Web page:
IN modern life, most of the products we consume daily travel through ports, making them a key link in the global production and supply chains we rely on or put in another way, our livelihoods – food, jobs, energy – depend on functioning and resilient supply chains from the producer to the consumer that must be linked by transport (read a port in this case) to the market.
For instance, when a disaster strikes, ports are the main point of entry for the food, water and medicine people need to survive on and the fuel required to keep hospitals and health facilities running, especially in landlocked countries, which must be reached through a port to supply the fore-mentioned.
All these show how ports are important and represent the gateways for commodities exports, but as countries grow and develop, ports are also essential for sustaining and improving more robust and diverse growth of hinterland economies through the import and export of manufactured goods and other products.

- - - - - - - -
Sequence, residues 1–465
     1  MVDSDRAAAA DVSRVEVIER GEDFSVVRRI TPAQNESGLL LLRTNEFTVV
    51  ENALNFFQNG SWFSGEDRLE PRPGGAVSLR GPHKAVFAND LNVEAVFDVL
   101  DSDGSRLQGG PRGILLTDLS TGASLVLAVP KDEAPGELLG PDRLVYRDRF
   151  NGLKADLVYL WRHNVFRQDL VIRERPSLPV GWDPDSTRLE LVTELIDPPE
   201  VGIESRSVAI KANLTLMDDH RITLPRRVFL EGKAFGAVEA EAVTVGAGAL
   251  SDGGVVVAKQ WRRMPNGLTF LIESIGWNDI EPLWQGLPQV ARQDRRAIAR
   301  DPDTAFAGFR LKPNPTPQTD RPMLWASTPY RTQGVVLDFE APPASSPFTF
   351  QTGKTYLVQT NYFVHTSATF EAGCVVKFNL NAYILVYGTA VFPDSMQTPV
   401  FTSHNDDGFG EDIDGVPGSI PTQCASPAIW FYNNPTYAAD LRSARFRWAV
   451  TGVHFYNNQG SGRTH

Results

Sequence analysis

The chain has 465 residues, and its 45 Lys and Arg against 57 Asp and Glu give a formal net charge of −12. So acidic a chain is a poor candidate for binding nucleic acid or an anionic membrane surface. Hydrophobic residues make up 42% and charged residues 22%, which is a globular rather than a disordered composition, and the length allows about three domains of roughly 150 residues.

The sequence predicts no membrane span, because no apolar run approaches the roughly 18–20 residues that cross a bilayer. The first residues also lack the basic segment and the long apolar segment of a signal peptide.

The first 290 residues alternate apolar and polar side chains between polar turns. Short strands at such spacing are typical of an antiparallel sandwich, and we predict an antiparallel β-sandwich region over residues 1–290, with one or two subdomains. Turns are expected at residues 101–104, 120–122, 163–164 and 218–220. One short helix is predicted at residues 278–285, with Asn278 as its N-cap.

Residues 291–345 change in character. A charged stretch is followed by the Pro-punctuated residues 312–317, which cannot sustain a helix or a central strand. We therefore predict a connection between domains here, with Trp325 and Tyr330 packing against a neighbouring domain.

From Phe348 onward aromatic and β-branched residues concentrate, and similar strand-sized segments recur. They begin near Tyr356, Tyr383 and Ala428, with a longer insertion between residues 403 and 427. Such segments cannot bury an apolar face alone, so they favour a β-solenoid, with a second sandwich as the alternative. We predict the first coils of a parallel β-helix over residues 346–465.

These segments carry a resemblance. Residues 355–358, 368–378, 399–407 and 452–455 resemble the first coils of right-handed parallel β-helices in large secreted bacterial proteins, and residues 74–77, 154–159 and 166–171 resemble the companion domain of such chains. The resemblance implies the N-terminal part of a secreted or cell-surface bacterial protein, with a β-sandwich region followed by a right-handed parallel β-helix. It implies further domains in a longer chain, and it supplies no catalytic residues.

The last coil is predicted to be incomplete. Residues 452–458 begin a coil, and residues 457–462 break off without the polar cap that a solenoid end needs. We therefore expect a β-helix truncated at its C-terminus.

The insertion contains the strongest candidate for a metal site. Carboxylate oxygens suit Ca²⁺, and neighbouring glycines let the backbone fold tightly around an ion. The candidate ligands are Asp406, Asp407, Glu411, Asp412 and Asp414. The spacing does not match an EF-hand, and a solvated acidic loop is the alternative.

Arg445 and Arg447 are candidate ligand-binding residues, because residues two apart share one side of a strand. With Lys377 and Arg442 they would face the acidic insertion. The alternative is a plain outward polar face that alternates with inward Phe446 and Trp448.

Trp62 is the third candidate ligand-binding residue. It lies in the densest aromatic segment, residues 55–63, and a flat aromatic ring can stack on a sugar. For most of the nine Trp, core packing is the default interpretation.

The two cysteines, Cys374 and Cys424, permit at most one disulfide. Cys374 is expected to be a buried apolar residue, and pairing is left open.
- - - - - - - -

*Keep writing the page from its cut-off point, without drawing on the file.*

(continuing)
Driving the point home, as an anchor port supporting not just Tanzania’s trade but also its landlocked neighbors like Rwanda, Burundi, Uganda and the Democratic Republic of Congo, Dar es Salaam has a central role in regional trade facilitation and integration, implying the role of Tanzania Ports Authority (TPA) to keep and modernize it is visible without being mentioned.
This shows how Dar es Salaam port like others in the country serve as a vital gateway for international trade in East and Central Africa. Water transport is a crucial mode of transportation in Tanzania, aside from being the main gateway for business.
On the same vein, the sixth phase government under President Samia Suluhu Hassan deserves praise for allocating 1.1bn/- in the current financial year for the ports upgrading.
Equally, TPA deserves praise and support for prioritizing the efficiency of the ports, because they directly affect the economies of the local people and other countries depending on them, since more than 80 per cent of the global trade is carried by sea.
For instance, during the onset of the COVID-19 pandemic, many landlocked countries suffered and had to be ‘bailed out’ by the ones with ports for their economies to run.
In a nutshell, ports are catalysts for economic development as they enable trade and support supply chains, especially for our farmers who have to access foreign markets to sell their products.
As the list might be long elaborating why the ports are important in the country, it is important to recognize the work of TPA in modernizing them-a decision that has now attracted more traders to use them in importing and exporting various commodities to various destinations worldwide.